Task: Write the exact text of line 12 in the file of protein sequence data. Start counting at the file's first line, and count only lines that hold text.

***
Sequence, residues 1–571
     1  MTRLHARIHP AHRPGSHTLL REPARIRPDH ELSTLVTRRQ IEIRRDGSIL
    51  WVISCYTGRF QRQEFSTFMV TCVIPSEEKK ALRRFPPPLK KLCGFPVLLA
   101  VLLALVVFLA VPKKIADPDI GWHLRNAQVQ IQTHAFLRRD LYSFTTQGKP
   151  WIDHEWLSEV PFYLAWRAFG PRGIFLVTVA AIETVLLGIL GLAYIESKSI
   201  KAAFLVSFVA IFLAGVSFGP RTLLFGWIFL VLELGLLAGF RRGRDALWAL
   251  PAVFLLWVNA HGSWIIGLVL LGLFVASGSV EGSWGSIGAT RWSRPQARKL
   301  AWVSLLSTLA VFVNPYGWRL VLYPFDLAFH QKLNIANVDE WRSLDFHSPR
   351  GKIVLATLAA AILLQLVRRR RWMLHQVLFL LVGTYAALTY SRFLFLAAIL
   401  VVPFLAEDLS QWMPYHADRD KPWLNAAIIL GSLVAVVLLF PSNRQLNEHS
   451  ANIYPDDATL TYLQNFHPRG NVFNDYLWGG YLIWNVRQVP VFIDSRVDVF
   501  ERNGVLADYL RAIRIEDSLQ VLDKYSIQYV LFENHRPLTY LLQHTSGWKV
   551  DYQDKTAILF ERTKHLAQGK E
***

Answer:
   501  ERNGVLADYL RAIRIEDSLQ VLDKYSIQYV LFENHRPLTY LLQHTSGWKV